With an almost unanimous vote in both the House and Senate, President Trump recently signed into law the Paycheck Protection Program Flexibility Act of 2020 (the “Flexibility Act”). The Flexibility Act makes modifications to, and provided further guidance about, the PPP program Congress passed earlier this year. 

In particular, the Flexibility Act includes the following provisions:

  • The forgiveness period for PPP loans has been extended from 8 weeks to the earlier of either 24 weeks or December 31, 2020. Borrowers can still elect to use the 8-week period based on the date it received the PPP funds, meaning a Borrower need not wait until the end of the calendar year to apply for loan forgiveness.
  • For unforgiven loans, the loan maturity has been extended from two years to five years, but the interest rate remains at 1%.
  • Borrowers no longer need to allocate the loan amount in a 75/25 ratio related to payroll expense. The new ratio is 60/40 however Borrowers are now obligated to spend a minimum of 60% on payroll. If they fail to do so, none of the loan will be forgiven. 
  • Borrowers can use the 24-week period to restore their workforce levels and wages to the pre-pandemic levels required for full forgiveness. This must be done by Dec. 31, 2020 a change from the previous deadline of June 30.
  • The Flexibility Act now includes two additional exceptions allowing Borrowers to achieve full loan forgiveness even if they don’t fully restore their workforce. Previous guidance already allowed Borrowers to exclude from those calculations employees who turned down good faith offers to be rehired at the same hours and wages as before the pandemic. The two new exceptions are:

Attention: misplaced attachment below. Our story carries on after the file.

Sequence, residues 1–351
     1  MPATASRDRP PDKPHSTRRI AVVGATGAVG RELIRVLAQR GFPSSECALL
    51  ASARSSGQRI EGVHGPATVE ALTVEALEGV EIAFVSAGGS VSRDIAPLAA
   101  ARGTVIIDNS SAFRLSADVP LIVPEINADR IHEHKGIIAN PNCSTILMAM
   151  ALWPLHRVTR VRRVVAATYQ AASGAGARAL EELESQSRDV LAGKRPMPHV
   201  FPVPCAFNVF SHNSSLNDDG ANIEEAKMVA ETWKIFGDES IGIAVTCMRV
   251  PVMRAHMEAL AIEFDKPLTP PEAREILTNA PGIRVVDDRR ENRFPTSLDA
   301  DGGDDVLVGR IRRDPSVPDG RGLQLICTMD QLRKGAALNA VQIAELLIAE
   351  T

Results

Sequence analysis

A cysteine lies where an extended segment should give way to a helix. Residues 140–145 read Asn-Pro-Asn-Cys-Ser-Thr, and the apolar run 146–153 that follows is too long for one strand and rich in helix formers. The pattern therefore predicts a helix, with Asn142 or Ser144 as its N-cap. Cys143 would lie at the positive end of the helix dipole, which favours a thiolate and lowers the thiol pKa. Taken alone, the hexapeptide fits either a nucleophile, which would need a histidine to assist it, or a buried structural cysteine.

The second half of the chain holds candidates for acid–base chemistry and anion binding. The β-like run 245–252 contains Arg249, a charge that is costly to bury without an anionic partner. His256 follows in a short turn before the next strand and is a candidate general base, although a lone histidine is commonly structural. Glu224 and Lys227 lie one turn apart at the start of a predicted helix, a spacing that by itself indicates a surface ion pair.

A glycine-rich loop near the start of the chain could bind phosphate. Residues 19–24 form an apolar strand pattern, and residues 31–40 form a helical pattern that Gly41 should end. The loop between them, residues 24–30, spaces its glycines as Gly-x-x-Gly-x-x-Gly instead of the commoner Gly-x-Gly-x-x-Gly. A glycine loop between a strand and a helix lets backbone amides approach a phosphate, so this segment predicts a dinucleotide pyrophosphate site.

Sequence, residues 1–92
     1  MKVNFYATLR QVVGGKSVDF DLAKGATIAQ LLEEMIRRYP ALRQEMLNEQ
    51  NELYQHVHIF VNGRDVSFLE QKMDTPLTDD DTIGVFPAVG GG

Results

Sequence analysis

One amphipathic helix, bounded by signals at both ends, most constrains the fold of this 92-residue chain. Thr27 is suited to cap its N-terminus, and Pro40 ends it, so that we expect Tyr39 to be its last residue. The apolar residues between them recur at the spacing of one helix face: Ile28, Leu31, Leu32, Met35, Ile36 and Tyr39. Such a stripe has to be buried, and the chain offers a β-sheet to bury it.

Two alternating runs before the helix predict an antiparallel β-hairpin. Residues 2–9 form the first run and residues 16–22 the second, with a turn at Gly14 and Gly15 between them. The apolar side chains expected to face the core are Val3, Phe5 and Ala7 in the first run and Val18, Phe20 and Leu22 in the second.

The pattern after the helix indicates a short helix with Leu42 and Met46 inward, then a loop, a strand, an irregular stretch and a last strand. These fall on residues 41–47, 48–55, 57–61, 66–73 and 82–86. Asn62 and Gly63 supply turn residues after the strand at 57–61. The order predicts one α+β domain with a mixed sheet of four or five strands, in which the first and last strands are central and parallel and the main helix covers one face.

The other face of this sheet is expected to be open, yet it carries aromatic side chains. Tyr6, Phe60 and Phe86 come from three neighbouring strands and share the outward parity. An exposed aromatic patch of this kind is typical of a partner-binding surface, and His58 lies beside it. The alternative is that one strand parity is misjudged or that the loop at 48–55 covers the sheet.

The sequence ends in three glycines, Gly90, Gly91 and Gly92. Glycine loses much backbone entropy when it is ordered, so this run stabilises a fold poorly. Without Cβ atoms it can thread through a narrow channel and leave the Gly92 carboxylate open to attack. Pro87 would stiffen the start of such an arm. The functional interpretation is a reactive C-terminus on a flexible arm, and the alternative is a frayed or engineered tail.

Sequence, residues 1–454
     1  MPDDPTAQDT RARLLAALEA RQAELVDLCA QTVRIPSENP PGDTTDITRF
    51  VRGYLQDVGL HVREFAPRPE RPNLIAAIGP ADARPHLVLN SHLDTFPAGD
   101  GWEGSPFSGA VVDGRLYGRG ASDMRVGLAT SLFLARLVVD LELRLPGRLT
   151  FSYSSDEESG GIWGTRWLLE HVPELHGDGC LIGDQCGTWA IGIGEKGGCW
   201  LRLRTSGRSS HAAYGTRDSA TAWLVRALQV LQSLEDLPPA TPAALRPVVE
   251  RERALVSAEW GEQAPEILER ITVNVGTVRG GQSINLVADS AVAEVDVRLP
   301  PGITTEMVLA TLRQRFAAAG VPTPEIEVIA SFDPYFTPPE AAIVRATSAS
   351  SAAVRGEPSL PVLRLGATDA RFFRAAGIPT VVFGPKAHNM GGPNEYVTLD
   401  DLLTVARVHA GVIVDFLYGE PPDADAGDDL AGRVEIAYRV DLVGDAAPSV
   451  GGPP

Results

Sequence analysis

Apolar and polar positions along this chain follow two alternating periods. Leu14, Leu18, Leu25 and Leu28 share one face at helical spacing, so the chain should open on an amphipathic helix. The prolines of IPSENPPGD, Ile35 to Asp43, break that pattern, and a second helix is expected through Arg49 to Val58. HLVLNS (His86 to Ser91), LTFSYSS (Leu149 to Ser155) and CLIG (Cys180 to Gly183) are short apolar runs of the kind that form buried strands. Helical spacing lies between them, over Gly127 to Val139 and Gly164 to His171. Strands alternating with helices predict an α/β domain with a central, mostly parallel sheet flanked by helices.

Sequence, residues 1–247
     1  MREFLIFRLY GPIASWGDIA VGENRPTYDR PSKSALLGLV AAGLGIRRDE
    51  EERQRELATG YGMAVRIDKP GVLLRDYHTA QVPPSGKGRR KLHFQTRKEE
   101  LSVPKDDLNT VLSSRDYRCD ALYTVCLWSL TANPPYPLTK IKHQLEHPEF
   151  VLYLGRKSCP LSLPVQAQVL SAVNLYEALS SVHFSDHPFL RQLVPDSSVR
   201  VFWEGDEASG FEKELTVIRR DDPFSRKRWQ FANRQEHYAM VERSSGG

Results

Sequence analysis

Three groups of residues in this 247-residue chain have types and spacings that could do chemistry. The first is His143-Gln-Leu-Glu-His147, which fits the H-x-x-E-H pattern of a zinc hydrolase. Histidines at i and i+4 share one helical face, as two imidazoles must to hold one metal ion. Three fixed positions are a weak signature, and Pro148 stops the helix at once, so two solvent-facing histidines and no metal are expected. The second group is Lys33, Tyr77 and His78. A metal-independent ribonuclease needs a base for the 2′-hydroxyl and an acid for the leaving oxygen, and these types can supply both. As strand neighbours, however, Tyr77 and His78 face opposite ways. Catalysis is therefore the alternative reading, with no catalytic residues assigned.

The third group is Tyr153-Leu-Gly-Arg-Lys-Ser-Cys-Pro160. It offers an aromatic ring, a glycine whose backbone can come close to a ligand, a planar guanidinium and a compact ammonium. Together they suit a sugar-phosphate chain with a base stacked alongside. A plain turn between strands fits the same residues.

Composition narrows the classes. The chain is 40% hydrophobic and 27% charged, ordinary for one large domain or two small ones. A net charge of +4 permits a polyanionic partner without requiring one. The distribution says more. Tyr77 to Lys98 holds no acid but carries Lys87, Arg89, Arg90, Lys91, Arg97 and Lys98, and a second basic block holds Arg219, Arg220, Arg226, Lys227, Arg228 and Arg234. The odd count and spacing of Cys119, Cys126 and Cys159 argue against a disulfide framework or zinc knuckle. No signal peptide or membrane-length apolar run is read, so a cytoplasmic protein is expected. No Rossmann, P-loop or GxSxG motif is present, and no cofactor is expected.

• Inability to find qualified employees to perform the jobs required by the Borrower; and
  • Borrower is unable to restore business operations to Feb. 15, 2020, levels due to compliance with requirements established or guidance issued by the Secretary of Health and Human Services, the Director of the Centers for Disease Control and Prevention, or the Occupational Safety and Health Administration during the period beginning on March 1, 2020, and ending December 31, 2020, related to the maintenance of standards for sanitation, social distancing, or any other worker or customer safety requirement related to COVID–19.
  • Lenders can now defer principal and interest payments that may be required by a Borrower up to the date they receive the forgiveness amount from the SBA. Previously this time period was capped at six months.
  • Previously if a Borrower received a PPP loan, they were prohibited from taking advantage of the payroll tax deferral after their PPP loan was forgiven. The Flexibility Act removes this restriction, allowing Borrowers to take advantage of the payroll tax deferral from March 27 to Dec. 31, 2020. Borrowers can now defer all of its payroll tax burden to 2021 and 2022 even if the loan is forgiven before December 31, 2020.

For more information about recommended steps, please contact your Goosmann Law Firm relationship partner. We will continue to keep you apprised of relevant developments.

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